Setting up its command post in the vicinity of Metsovan, the XXII Mountain Corps deployed the 1st Mountain Division along a line extending from that point to Yannina, Vasilikon, and Leskovic. Strongpoints and reinforced security units acting as a blocking force secured the road from Leskovic to the north and a junction with the Salonika Division Group near Korca. From a point east of Korca, the Salonika force was responsible for the line Bilisht-Kastoria-Neapoli- Grevena-Krania-Metsovan. Aware of their predicament as soon as the German troops had detrucked, the guerrillas evacuated Pendalofon and moved into the mountains. Air reconnaissance reported them still within the encirclement, however, and the troops continued their movement as planned. The first day ended with elements of the 1st Mountain Division held up by stiff resistance north of Metsovan. During the day, troops of the Salonika Division Group repulsed an attempt by a strong guerrilla force to break out at Grevena. On the second day, the Salonika Division Group was forced to halt and reorganize, having found it difficult to maintain cohesion over the rough terrain. The 1st Mountain Division, meanwhile, became heavily engaged at close quarters when it attempted to break through the resistance to its front. It was in this engagement that a battalion aid station, moved too far forward, was overrun by the guerrillas and eighty wounded were murdered and mutilated.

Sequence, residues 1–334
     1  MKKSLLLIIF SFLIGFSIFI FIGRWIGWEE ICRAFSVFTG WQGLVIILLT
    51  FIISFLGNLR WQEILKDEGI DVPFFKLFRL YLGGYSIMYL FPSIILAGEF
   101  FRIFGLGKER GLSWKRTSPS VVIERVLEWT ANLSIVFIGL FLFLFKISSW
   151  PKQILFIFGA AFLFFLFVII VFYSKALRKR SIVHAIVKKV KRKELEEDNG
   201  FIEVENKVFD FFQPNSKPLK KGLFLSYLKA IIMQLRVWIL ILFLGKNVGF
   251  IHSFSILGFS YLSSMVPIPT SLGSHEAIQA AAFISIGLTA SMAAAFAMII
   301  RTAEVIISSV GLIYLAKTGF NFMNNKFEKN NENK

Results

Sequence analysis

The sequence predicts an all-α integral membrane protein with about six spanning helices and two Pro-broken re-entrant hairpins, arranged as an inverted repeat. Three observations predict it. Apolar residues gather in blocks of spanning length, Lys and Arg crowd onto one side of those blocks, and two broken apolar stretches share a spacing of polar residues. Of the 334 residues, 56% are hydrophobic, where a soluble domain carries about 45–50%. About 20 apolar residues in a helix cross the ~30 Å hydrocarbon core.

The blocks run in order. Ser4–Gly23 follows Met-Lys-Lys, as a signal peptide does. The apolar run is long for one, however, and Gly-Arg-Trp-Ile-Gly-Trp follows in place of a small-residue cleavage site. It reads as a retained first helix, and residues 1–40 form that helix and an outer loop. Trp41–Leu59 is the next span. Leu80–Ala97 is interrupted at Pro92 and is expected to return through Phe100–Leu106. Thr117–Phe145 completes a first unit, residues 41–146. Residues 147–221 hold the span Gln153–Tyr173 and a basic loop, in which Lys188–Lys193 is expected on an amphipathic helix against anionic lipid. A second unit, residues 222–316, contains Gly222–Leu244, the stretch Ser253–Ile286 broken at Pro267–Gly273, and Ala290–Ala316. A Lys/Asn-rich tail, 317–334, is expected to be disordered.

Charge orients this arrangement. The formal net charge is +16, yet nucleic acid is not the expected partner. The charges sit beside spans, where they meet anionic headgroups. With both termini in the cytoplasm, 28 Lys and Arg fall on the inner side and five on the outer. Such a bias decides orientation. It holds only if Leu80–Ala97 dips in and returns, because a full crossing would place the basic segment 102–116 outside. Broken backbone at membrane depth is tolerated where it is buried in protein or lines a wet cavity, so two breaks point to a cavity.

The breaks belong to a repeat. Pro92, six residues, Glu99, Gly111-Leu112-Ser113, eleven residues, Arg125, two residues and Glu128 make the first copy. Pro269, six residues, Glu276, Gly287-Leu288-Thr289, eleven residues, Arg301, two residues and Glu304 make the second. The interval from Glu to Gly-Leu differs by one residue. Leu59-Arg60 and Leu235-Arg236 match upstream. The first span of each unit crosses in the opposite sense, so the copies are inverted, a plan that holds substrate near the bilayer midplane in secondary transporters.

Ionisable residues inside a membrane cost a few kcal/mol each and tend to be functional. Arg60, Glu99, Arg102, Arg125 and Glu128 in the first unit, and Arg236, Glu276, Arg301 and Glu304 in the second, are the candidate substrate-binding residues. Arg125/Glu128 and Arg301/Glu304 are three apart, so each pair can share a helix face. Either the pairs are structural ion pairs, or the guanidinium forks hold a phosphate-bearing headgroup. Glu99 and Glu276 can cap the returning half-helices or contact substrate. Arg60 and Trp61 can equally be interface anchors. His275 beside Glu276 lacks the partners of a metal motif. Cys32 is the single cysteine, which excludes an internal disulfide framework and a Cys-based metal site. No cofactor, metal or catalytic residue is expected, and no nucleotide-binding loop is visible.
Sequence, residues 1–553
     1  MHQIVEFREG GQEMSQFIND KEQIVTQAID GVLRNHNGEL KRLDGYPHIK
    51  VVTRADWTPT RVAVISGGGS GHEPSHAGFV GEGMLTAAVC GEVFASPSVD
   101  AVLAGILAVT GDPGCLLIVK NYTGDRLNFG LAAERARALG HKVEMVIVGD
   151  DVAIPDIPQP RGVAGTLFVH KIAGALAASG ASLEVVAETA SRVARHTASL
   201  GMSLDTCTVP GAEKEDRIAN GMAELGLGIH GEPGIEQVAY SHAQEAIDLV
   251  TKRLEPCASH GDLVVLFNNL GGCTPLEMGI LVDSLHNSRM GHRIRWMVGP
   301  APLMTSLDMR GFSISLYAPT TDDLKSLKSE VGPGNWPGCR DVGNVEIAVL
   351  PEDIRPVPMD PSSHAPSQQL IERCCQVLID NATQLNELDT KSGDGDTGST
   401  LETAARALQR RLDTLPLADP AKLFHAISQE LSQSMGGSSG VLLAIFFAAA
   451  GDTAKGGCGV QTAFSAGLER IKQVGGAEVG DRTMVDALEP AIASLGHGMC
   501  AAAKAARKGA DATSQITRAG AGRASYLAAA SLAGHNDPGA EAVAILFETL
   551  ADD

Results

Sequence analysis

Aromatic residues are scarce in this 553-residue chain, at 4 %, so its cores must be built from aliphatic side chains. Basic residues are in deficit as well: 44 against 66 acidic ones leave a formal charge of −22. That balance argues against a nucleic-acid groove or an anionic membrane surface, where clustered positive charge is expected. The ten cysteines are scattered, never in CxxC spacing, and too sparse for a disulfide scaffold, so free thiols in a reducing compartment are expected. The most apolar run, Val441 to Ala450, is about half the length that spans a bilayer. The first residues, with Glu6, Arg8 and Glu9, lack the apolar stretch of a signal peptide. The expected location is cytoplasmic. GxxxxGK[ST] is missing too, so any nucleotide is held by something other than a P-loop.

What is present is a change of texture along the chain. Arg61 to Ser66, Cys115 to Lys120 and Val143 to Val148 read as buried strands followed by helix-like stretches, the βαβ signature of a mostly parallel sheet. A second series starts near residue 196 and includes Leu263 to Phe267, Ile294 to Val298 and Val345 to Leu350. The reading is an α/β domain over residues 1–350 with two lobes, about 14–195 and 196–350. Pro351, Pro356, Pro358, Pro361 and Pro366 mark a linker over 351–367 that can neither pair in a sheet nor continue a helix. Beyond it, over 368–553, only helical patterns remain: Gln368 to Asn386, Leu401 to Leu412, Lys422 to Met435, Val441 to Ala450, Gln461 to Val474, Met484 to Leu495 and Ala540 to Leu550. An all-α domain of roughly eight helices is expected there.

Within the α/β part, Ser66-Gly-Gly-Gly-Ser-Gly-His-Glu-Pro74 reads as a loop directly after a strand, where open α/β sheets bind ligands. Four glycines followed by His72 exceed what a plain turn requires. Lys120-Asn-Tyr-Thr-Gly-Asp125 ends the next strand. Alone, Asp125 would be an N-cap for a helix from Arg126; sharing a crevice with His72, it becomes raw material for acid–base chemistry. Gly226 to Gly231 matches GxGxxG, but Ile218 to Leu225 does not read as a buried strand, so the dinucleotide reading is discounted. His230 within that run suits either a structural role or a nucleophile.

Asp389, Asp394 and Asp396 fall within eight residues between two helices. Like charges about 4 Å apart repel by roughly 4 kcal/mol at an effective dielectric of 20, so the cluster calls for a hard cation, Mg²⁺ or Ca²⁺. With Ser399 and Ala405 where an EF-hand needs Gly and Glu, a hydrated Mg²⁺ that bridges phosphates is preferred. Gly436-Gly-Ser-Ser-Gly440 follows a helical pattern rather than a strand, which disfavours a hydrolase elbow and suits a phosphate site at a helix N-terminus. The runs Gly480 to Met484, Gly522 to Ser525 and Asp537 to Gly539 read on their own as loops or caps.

On its left, the 1st Mountain Division managed to forge ahead and on the third day enveloped the guerrilla pocket north of Metsovan, only to find a large part of the defending force had escaped to the northwest. Some 1,500 guerrillas were compressed in a ring about Pendalofon and destroyed in a systematic combing operation lasting two more days. STEINADLER cost the Greek guerrillas a total of 567 dead and 976 prisoners. In addition, 341 Italians and seven Britons were also captured. The booty taken included 10 tons of explosives, over three quarters of a million rounds of rifle and machine-gun ammunition, and 10,000 head of livestock, mostly sheep and goats. Despite these losses, the guerrilla forces began to regroup as soon as the German combat troops had left the area.
PART FOUR: RESULTS AND CONCLUSIONS